*Addendum 3/1/2008-There has been an interesting news article posted at Yahoo News about an activist group in Cleveland that is taking on predatory lenders.

Folks on Humphrey Hill Drive were still waking up on the icy Saturday morning the shark hunters came to town. They rounded the suburban traffic circle in a pair of rented school buses after a half-hour ride from far more modest neighborhoods, rumbling to a stop at the Garmone family's driveway. Forty-two caffeinated Clevelanders piled out, their leaders carrying bullhorns.

Their quarry, Mike Garmone — a regional vice president at Countrywide Financial Corp., the nation's largest mortgage lender — didn't answer his door. So they deployed, ringing bells at the big homes with three-car garages, handing out accusatory fliers and lambasting Garmone and his company's loans. Before departing, they left their calling card — thousands of 2 1/2-inch plastic sharks — flung across Garmone's frozen flower beds, up into the gutters, littering the doorstep.

The commotion was the work of an in-your-face activist group called the East Side Organizing Project, with a paid staff then of just two, mobilized to battle Cleveland's mortgage "loan sharks." Years before the rest of the country was rocked by the fallout from aggressive lending, their neighborhoods were already home to the nation's highest concentration of foreclosures — and they were fed up.

This is the kind of activity that may be needed to wake up lenders. You can't foreclose on millions of homes in the U.S. without affecting the economy-and your own bottom line. Either they will begin to understand this, or like Countrywide, they'll have to merge with stronger lenders, or just go out of business.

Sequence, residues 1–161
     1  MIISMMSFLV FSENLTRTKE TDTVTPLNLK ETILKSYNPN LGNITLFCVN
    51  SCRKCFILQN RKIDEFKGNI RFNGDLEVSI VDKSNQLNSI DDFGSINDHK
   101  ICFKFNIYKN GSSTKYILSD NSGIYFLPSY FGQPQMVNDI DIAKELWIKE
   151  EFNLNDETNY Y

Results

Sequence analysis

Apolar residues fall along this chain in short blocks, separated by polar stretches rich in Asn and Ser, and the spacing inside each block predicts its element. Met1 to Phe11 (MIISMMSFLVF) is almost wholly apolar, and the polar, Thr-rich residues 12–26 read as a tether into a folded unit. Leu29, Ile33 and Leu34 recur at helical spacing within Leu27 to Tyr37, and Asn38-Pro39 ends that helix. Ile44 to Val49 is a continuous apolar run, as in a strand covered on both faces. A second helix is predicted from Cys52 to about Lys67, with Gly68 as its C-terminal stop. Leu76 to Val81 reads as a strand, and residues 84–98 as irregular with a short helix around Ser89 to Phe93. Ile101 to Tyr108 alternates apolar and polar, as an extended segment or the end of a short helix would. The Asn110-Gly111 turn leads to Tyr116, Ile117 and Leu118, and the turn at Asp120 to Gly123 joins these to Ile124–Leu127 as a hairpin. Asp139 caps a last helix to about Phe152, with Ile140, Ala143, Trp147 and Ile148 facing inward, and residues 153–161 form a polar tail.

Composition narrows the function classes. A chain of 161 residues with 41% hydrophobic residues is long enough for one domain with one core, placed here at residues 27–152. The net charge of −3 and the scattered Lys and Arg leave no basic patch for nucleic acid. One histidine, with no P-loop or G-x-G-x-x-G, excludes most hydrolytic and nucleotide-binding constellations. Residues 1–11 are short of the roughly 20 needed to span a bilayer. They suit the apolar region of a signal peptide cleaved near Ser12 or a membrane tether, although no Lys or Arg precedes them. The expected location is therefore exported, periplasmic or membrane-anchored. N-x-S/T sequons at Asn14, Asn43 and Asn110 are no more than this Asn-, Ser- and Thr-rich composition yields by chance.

You can find the whole article at Yahoo News.

* Addendum -3/3/2008, 1:15 AM - Two interesting articles over at Yahoo this evening.

The first one is about the financial literacy of the average American-or lack thereof.

Americans don't understand debt, which may be one reason that they have too much of it, according to a survey released Tuesday.

The survey presented 1,000 people with a hypothetical scenario about credit card debt and asked them to compute how long it would take to pay it off. Only 35.9% of the 1,000 respondents could figure out how many years it would take for the amount they owe on their credit cards to double.

Full article over at Yahoo Personal Finance.

The other article is how Asian markets are tanking on fears of an American Recession.

Most Asian markets tumbled Monday as investors reacted nervously to a steep decline on Wall Street Friday after disappointing economic and corporate news reawakened worries about a U.S. recession.

Japan's benchmark Nikkei 225 index plunged 4.5 percent to close at 12,992.18. Markets in Hong Kong, South Korea, India and Australia also fell sharply. However, shares in mainland China advanced.

Full article over at Yahoo News.